As a young black woman growing up in the States, I often protested against the unequal treatment black people received. A boomer, I protested against many other things as well: the closure of the steel mills in my home town, the unequal pay of women compared to their male counterparts, the decision to admit men to the prestigious all-woman college I was attending.
Then I moved to Scotland. And yes, as some of my new friends have explained to me, I know Scotland is not innocent; I am speaking to my own personal experience. In Scotland I found laid-back, friendly, open and tolerant people. While I did get the odd person who felt free to plunge their hands into my braided hair (never ever touch a black woman’s hair!) I was never followed around in shops. I was never asked “what are you doing in this neighbourhood.” And when a drunk man in a pub used the n-word in my earshot, the patrons in the pub physically lifted him off the barstool and ejected him onto the sidewalk; the pub’s owner barred him from the establishment for a fortnight.
“Dinny think so, mate – off you pop! Ye no gonna say that around oor Kath!”
This was miraculous to me. I had indeed moved to – as I’d been told by one of my new Scottish friends – a “civilised country.” I was able to put the placards and signs away and use my feet for dancing instead of marching. I was able to just be me, unfettered by race.
Still, I diligently kept up with the stateside news; my family and my friends were still in the States. So when news of a certain person’s presidential candidacy was announced, I took to the streets with many of my Scottish friends who – like me – realised that electing this person to office would have disastrous consequences on a global scale.
Then, on the heels of so many other innocent black people, George Floyd was murdered. I wish every day that I had not watched that video, because now I can’t unsee it.
Floyd’s death sparked a movement bigger than any I’d seen since Dr King’s fight to get voting rights for blacks and end segregation. The US. Germany. Brazil. Italy. Mexico. London. Edinburgh. My beloved bonnie Dundee did not shy away, either: BLM Dundee was born, and I picked up my signs again. Braving the pandemic along with my friends and many other outraged Scots, we took to the streets armed with masks and hand sanitizer to make our voices heard.
I thought I was done with protesting. Now at the beginning of those so-called “golden years”, all I really want to do is grow old peacefully with my partner and putter around my garden. That said, puttering peacefully is no longer an option: this is not the kind of world I want to grow old in – this is not the kind of world I want to leave to my nieces, nephews, great-nieces and great-nephews. This is not the kind of world we should be leaving to young people of any colour.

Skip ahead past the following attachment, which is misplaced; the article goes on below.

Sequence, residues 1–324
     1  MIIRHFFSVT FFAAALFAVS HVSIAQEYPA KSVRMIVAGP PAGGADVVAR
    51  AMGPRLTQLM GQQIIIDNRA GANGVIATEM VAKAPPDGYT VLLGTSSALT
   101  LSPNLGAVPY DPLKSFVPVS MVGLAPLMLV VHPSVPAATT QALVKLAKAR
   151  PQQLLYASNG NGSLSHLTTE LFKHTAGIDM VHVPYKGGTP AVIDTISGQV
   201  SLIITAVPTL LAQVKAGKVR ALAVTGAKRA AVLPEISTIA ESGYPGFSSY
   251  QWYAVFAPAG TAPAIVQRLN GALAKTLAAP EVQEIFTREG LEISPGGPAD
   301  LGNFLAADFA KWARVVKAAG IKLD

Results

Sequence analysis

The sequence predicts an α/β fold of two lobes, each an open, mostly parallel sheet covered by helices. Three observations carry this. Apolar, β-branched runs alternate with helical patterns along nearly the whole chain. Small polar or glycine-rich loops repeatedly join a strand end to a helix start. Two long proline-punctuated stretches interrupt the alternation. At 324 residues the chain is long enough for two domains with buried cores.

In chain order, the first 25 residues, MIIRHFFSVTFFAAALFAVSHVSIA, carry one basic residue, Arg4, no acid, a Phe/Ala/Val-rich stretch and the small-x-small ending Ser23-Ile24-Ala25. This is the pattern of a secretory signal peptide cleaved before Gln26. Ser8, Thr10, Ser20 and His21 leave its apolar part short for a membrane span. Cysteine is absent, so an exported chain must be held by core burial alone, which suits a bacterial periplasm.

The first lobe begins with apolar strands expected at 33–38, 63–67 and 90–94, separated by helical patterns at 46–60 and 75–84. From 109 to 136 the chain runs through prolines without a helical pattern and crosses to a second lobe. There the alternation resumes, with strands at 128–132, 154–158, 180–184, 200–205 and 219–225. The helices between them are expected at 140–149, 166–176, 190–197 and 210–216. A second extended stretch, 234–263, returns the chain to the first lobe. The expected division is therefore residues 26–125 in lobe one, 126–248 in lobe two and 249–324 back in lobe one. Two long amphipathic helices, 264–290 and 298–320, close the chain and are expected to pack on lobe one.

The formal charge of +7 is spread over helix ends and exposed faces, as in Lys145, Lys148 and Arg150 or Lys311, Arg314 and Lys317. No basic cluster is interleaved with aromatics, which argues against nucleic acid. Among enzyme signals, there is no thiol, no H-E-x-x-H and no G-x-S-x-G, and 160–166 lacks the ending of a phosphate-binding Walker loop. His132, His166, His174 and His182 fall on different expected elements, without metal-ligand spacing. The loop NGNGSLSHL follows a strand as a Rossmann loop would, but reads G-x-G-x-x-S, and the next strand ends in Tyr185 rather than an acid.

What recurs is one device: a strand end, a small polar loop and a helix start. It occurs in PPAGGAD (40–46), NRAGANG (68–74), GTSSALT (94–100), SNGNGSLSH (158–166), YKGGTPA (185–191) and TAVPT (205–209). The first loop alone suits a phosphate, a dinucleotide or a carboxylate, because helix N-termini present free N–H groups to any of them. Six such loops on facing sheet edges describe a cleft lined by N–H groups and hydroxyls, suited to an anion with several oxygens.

Below is the speech I gave at the BLM Dundee protest on Sunday, 26th July. Thank you for reading.
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“Here I am again. Wondering why I am here again. Wondering why we – why people not just in Dundee – but throughout the UK, the US and other places in the world – are having the same conversation about the same wrongs.
Maybe you’re here because you have kids. I don’t have kids, but I do have 10 nieces and nephews. I am a great-aunt to 12 incredible young black men and women. I am a godmother. I am here for them. I see many people have brought their kids with them today. I also stand here for your children, your grandchildren, your nieces and nephews. Because those children – all children – are the future: I am deeply concerned about the kind of world they have inherited, and you should be, too.
They face a world where they have to contend with a virus, which disproportionately affects black and brown people. A world where they have to contend with unstable weather and even more unstable leaders who seem happy to remain wilfully blind to the economic inequalities and daily racist slights and micro-aggressions endured by black and brown people. A world where it is potentially dangerous for black or brown people to indulge in something as simple as strolling down the street, entering their own home or enjoying a drink with their white friends in a club.
Cause make no mistake: while I am delighted and heartened that this movement has garnered so many white supporters, the fact that you are willing to stand here with me – with your black and brown brothers and sisters – here today puts a target on your back as well.
We all – everybody here – need to be mindful of that target. And we must work together to eradicate that target. That means turning up at as many of these protests as you can. It means donating whatever you can to organisations dedicated to improving the lives of black and brown people. It means signing the petitions to remove laws which unfairly impact black and brown people, and working to dismantle the “hostile environment” policy enacted by a government that sees all of us as expendable. It means you must be willing to call out racist behaviour whenever and wherever you see it. It means being willing to educate yourself, because we cannot build a better future without acknowledging and understanding the past.
The poet John Donne wrote “no man is an island….any man’s death diminishes me because I am involved in mankind.” So I say to everyone present today: we are the muscle and sinew and soul of mankind. So we must continue to fight – together – against overt and covert racism whenever it rears its ugly, divisive head. Because at the end of the day, when any blood gets shed, the colour is the same: we all bleed red.
Thank you for listening. Thank you for supporting us. Peace.”